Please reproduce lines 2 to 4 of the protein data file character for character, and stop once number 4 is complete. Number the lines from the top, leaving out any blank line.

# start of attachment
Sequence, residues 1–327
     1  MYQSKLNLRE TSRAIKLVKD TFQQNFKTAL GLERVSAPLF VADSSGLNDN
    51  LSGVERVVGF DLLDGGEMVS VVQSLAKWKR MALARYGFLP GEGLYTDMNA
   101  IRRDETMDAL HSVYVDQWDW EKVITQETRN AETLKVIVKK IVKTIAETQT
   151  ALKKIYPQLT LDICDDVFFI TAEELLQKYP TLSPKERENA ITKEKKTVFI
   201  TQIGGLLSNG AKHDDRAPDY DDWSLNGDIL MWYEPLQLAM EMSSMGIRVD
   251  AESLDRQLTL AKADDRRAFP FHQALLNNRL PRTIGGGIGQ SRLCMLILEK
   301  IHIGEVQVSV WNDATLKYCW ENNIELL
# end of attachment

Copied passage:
     1  MYQSKLNLRE TSRAIKLVKD TFQQNFKTAL GLERVSAPLF VADSSGLNDN
    51  LSGVERVVGF DLLDGGEMVS VVQSLAKWKR MALARYGFLP GEGLYTDMNA
   101  IRRDETMDAL HSVYVDQWDW EKVITQETRN AETLKVIVKK IVKTIAETQT